Americans view suicide as mental health epidemic; 988 crisis line new option for help

Americans view suicide as mental health epidemic; 988 crisis line new option for help

Almost 4 in 10 Americans have experienced the death of a friend or family member by suicide.

September is National Suicide Prevention Month in the U.S. According to the latest data from the Centers for Disease Control and Prevention, 45,979 people died by suicide in the United States in 2020, which amounts to one death every 11 minutes. For people 10–34 years old, suicide is a leading cause of death. Additionally, 12.2 million adults seriously thought about suicide in 2020.

According to a Lifeway Research online survey, most Americans (77%) believe suicide has become an epidemic in the United States, with 34% strongly agreeing and 44% somewhat agreeing. This number is larger than the 56% of Americans who agreed in a 2014 phone survey.

“It appears that some who are more distant from those who have taken their own lives are quicker to judge these actions,” said Scott McConnell, executive director of Lifeway Research. “But it may also be true that those who have consequential views of suicide are less likely to be in communities that consider it.”

The number of Americans who have a friend or family member who died by suicide has increased slightly since 2014 (39% v. 36%). Those in the South are among the most likely to say they have a friend or family member who has committed suicide (43%) and to say suicide is an epidemic (81%). White Americans are among the most likely to have a friend or family member who has committed suicide (42%) and to identify suicide as an epidemic (79%).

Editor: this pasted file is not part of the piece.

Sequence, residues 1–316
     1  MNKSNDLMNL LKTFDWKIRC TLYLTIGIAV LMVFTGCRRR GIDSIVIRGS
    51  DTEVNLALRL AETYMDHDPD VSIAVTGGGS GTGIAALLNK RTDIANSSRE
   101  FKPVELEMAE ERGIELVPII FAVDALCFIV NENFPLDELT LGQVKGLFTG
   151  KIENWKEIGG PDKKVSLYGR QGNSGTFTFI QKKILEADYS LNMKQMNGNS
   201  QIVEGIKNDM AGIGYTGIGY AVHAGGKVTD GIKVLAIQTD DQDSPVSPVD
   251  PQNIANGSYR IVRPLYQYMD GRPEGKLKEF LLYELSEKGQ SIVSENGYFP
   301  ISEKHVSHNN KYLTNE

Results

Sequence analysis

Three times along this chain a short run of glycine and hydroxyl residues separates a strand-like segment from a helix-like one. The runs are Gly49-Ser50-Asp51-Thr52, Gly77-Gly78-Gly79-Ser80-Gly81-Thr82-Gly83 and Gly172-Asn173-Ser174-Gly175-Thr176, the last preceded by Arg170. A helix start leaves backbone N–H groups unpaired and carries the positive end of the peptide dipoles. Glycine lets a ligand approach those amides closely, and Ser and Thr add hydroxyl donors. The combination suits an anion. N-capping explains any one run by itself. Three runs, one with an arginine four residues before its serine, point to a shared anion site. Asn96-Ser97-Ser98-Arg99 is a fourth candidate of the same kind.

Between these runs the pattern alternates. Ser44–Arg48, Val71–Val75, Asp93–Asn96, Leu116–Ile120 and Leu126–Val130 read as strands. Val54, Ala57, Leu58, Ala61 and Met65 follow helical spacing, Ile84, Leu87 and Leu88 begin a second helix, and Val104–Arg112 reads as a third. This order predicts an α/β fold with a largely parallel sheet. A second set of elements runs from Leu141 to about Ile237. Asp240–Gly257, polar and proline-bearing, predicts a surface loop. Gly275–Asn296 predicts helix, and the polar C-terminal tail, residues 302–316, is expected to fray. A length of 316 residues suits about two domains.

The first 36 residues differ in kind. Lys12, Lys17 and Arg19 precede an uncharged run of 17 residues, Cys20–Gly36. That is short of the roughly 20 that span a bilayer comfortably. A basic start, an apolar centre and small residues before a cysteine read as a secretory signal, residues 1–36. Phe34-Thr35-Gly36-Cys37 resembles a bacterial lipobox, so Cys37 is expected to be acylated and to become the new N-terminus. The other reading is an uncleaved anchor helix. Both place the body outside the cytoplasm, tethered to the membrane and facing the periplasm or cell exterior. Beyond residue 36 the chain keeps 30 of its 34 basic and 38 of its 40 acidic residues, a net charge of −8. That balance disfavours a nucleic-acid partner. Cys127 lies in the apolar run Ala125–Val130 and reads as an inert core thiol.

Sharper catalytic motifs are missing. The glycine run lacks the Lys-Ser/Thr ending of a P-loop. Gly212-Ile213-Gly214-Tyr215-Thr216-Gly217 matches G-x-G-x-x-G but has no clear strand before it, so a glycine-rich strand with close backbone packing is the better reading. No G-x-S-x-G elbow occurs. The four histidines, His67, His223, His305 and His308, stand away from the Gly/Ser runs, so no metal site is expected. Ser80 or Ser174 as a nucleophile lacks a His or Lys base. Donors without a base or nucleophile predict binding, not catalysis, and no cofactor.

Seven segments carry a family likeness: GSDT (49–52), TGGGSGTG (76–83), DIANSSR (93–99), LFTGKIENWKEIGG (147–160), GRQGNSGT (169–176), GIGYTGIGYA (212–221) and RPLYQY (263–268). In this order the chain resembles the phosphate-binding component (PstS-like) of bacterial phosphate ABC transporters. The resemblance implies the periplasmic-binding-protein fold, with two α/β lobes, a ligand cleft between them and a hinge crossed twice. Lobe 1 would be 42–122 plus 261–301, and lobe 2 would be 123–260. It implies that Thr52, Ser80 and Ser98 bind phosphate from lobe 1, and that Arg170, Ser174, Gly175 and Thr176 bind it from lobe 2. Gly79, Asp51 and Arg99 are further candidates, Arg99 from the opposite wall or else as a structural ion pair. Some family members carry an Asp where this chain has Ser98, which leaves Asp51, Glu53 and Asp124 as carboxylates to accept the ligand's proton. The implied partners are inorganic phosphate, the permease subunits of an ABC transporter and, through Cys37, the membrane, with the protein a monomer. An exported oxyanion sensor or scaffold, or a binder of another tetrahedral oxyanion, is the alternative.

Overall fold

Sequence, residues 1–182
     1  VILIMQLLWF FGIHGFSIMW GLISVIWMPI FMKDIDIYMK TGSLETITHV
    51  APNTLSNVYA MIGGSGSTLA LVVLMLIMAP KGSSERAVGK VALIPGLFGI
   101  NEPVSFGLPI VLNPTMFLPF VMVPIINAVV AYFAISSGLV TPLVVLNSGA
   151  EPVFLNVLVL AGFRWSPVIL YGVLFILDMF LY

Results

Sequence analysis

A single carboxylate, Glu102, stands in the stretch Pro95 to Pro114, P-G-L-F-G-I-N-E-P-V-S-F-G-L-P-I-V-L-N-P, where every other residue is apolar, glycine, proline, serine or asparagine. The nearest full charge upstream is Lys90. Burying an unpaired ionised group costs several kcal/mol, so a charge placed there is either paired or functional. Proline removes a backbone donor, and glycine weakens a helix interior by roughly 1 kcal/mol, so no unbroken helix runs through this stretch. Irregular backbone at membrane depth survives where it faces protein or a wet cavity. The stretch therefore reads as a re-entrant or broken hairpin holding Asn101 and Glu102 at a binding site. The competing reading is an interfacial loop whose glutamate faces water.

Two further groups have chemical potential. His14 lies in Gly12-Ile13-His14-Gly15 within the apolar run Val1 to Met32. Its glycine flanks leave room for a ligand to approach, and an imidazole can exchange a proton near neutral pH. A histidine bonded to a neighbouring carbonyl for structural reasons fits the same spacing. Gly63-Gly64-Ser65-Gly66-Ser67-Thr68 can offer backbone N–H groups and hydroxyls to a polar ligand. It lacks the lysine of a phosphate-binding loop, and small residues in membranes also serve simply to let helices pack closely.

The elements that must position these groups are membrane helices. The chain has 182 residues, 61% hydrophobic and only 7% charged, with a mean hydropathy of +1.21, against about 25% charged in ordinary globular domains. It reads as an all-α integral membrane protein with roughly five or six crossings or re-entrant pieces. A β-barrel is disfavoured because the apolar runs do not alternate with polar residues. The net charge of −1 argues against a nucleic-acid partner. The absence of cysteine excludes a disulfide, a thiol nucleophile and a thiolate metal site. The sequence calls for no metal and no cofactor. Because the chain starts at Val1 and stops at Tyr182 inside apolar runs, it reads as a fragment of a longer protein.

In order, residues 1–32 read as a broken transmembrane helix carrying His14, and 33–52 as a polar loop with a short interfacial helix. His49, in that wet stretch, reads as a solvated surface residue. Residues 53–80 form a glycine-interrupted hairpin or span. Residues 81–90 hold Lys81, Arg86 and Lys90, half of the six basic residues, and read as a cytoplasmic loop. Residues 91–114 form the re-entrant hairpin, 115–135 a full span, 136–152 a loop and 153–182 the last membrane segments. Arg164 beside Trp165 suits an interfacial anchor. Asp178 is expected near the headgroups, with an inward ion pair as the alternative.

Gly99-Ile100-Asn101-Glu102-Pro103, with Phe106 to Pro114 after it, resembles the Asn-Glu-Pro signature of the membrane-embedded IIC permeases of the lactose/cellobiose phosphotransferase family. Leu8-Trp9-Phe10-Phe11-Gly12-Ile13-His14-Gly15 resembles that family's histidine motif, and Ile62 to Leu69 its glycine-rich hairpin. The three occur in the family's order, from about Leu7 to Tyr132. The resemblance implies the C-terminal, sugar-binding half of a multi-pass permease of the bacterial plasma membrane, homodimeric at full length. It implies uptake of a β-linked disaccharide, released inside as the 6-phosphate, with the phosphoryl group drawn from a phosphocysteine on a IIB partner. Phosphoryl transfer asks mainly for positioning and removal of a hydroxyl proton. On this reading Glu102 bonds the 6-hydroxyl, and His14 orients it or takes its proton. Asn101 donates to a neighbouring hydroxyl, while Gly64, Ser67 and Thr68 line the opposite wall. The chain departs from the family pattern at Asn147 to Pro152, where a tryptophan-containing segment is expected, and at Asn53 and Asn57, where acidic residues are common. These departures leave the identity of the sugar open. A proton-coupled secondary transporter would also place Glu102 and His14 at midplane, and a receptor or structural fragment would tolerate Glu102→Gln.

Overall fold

Religious perspective

Few survey respondents believe people who commit suicide are selfish (38%) or are automatically going to hell (23%). Those numbers have remained relatively steady since 2014 when 36% said suicide was selfish and 23% said someone who commits suicide automatically goes to hell.

Younger Americans and those with lower levels of formal education are more likely to say suicide is an epidemic in the United States. But religious beliefs and practice also play a role in attitudes toward suicide. Those with evangelical beliefs are more likely than those without evangelical beliefs to say suicide is selfish (48% vs. 35%) and automatically leads to hell (39% vs. 18%).

“For most, hell and selfishness are not the first things to come to mind when they think about suicide. Those less connected with Christian belief and practice are even less likely to see a selfish component to ending one’s life prematurely,” McConnell said. “Americans are twice as likely to see suicide as an epidemic to be stopped than a sin they can judge.

“Jesus taught that each person should love their neighbors as God loves each of us. Each person has value and purpose because they are loved by God and others,” McConnell continued. “When each life matters individually and to the community, voluntarily removing any life is tragic.” (For more information, view the complete report.)

24/7 help available

The 988 Lifeline, which debuted nationwide July 16, is one way to help those in distress due to mental health issues.

Like the 911 dialing code for emergencies, the 988 dialing code connects callers immediately to the existing National Suicide Prevention Lifeline. People also can text 988 or chat with someone at

The Lifeline is staffed 24/7 with care and support professionals trained in assisting an individual experiencing mental health-related distress, whether that’s thoughts of suicide, emotional distress or another mental health or substance use crisis. People also can dial 988 if they are worried about a loved one who may need crisis support.

“An alternative to 911 for mental health crises, 988 connects callers to Lifeline centers,” said Kristen Newton, an Alabama-based volunteer advocate with the American Foundation for Suicide Prevention.” These centers de-escalate 98% of crisis calls without dispatching emergency services. Well-resourced crisis support systems can connect callers with local resources, including someone to talk to (call centers), someone to respond (mobile crisis teams) and somewhere to go (crisis stabilization centers).”

In 2021 it received 3.6 million calls, chats and texts. That number is expected to at least double within the first full year after the 988 transition, DHS officials said. The push now is to make people aware of the new code, DHS officials said.

For more information on the 988 mental health crisis line, click here. (Lifeway Research, Carrie Brown McWhorter contributed)